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Devotional Hours with the Bible, Volume 4: Chapter 40 - Nebuchadnezzar's Dream

By J.R. Miller

      Daniel 2

      Dreams have an important place in the Bible. There is no doubt that dreams were really means of divine communication, as in Jacob's ladder, in the dreams of Pharaoh, and in that of Nebuchadnezzar. The account of this dream and its interpretation is very interesting. The king's strange forgetting of it--gave additional opportunity for the glorifying of the true God. Babylon's 'wise men' could not tell the king, what he had forgotten. Then Daniel came.

      There is a suggestion in the king's forgetting. Does God never come to us with some revealing, some glimpse of His holiness, some lesson, some vision of truth--which we immediately forget? Some of us forget sermons--before we get home from church! Sometimes we can hardly even remember the minister's text! Sometimes impressions that are vivid and distinct at the time they are made--pass almost entirely from the mind in a little while! The king could not recall any part of the dream which had troubled him so. He demanded of his wise men, that they tell him first what the dream was--and then what it meant. When all his wise men failed to be able to do this, Daniel sent the king word that his God was a revealer of secrets, and that he would make known Nebuchadnezzar's dream. He then told him what the dream was, and afterward made known its message.

      Daniel said, "You, O king, are king of kings--unto whom the God of heaven has given the kingdom." The point to be specially noted here--is that all earthly power is from God. He gives it to whoever He will. Kings are appointed to rule for Him and receive their authority from Him. The same is true of all who bear authority, of whatever kind. This gives a sacredness to power, whether it be the parent's, the teacher's, the magistrate's, the overseer's. All human power and authority--is only God's power entrusted. We must use it reverently, in faithfulness, in love.

      Napoleon, when he became emperor, took the crown in his own hands and put it on his head, implying that he made himself ruler. Later he learned that power belongs to God; that He puts one down and sets another up.

      Daniel proceeded to indicate in detail--the meaning of the vision. "You are the head of gold. And after you shall arise a kingdom inferior to you, and another third kingdom. And the fourth kingdom shall be as strong as iron, forasmuch as iron breaks in pieces and subdues all things." Thus history ever reads. One kingdom gives place to another. The greatest kingdoms are pushed aside--and thrust down by the less. Not only among nations is this true; we see the same in families and among individuals. The rich of one generation, are the poor of the next. The high in rank today, are forgotten tomorrow. Thrones built by human hands crumble. God can humble the proudest whenever He desires. He can destroy the head of gold; and crush the arms of silver; and break the legs of brass; and demolish the feet of iron and clay! "The snowflakes of Russia humbled Napoleon's pride, and the raindrops at Waterloo sent him into exile!"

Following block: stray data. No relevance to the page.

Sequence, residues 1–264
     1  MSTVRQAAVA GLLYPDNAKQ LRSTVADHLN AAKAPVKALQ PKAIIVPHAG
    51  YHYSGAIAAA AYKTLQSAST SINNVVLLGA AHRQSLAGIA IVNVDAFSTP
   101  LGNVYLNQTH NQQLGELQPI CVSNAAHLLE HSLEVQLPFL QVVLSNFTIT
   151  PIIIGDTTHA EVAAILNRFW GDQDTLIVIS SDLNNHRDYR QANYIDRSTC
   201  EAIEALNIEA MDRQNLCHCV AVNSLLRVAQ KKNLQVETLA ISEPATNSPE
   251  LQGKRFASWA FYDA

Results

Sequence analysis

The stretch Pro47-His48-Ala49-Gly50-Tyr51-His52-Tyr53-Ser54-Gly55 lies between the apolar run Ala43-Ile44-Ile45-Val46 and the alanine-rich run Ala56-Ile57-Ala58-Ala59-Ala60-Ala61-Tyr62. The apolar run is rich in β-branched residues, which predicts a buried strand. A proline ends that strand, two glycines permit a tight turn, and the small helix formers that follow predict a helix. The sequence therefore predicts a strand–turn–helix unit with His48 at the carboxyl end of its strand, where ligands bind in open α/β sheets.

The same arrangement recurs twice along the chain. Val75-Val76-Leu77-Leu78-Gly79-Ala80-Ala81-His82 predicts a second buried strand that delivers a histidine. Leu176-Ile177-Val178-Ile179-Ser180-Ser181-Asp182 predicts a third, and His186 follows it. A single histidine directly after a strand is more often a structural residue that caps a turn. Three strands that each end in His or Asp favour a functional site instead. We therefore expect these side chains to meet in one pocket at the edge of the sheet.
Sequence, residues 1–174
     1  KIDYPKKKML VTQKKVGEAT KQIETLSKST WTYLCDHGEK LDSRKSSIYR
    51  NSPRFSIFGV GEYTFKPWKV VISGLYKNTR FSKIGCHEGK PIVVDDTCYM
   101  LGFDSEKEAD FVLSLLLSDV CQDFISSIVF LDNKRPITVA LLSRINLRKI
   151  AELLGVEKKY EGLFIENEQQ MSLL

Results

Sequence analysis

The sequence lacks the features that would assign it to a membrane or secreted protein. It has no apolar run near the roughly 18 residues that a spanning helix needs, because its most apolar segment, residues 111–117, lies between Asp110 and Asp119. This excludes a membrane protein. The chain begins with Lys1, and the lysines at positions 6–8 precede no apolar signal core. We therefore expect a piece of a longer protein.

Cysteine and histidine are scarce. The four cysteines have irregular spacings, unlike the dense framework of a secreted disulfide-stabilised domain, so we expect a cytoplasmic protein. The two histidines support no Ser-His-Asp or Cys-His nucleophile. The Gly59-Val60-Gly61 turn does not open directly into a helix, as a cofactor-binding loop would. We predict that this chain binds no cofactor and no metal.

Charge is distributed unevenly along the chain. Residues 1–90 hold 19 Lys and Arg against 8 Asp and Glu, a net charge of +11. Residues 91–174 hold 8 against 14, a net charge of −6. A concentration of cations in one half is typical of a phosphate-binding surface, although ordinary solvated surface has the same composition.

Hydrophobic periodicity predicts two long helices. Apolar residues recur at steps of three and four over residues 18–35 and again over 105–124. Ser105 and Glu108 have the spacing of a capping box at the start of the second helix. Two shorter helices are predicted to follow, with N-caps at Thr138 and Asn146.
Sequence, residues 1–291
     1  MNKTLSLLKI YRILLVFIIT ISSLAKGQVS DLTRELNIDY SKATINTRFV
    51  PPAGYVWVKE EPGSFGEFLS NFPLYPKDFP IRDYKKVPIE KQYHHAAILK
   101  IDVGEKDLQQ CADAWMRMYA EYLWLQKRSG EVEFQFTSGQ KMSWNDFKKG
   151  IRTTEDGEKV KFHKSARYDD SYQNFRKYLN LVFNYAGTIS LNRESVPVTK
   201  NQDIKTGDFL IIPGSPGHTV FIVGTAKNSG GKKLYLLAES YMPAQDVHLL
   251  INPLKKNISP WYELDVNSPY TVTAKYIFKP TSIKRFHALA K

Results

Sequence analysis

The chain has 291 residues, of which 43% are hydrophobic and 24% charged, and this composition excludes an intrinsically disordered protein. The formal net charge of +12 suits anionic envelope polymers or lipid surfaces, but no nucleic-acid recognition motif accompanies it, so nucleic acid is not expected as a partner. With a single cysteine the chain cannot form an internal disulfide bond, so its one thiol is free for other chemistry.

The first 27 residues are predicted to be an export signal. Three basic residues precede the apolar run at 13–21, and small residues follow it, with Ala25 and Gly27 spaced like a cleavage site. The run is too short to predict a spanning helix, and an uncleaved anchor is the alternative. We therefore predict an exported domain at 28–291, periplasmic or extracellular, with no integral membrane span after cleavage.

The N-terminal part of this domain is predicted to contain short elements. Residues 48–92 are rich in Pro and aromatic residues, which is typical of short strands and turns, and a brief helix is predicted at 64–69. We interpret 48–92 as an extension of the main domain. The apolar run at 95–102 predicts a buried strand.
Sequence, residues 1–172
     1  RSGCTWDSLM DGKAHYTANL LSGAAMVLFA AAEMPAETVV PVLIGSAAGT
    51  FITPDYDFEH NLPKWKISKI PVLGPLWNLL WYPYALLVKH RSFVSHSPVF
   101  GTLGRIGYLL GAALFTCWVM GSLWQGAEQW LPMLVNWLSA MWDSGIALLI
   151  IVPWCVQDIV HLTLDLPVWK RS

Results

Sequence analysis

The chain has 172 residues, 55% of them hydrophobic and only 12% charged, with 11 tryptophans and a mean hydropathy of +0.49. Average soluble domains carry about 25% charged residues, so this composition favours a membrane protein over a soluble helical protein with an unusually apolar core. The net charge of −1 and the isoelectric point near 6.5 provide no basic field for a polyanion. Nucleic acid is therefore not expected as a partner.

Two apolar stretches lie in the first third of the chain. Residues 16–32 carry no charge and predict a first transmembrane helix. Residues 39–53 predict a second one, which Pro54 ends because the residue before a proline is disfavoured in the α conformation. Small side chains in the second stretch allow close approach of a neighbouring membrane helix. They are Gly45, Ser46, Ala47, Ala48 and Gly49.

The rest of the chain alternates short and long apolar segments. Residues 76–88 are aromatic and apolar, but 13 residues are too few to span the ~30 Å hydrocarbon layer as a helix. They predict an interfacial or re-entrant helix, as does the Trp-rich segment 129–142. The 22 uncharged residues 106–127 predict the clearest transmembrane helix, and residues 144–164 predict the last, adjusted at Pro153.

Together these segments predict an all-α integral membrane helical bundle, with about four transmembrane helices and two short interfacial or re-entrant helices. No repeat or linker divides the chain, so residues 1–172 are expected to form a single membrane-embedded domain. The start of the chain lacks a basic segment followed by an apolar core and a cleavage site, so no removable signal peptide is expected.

Then Daniel went on to describe the element of glory in the vision--the setting up of the kingdom that never should be destroyed. "The God of heaven set up a kingdom which shall never be destroyed, nor shall the sovereignty thereof be left to another people; but it shall break in pieces and consume all these kingdoms, and it shall stand forever!" Right in the midst of the glory of Rome--came Jesus Christ, to set up the kingdom of His Father in this world. This kingdom differed in many ways from those world kingdoms which were pictured in the vision. It was not established by war, by military conquest--but by moral force alone. Christ had no armies of soldiers marching forth with Him to crush opposition. He came not to destroy men's lives--but to save them!

      There is a story of an emperor in whose realm, there was a rebellion. Certain of his subjects were in revolt. The emperor was setting out to the scene of the uprising, and said to his nobles, "Come with me and see me destroy those rebels!" But when he reached the province he showed only kindness to those in revolt. He treated them with gentleness and affection. The result was that they laid down their arms--and became his most loyal subjects. His nobles reminded him of his words to them, "Come and see me destroy my enemies!" He replied, "I have destroyed my enemies; I have made them my friends!" This illustrates Christ's conquest--and the way He extends His kingdom. It is set up not by force of arms--but by love; it rules our hearts!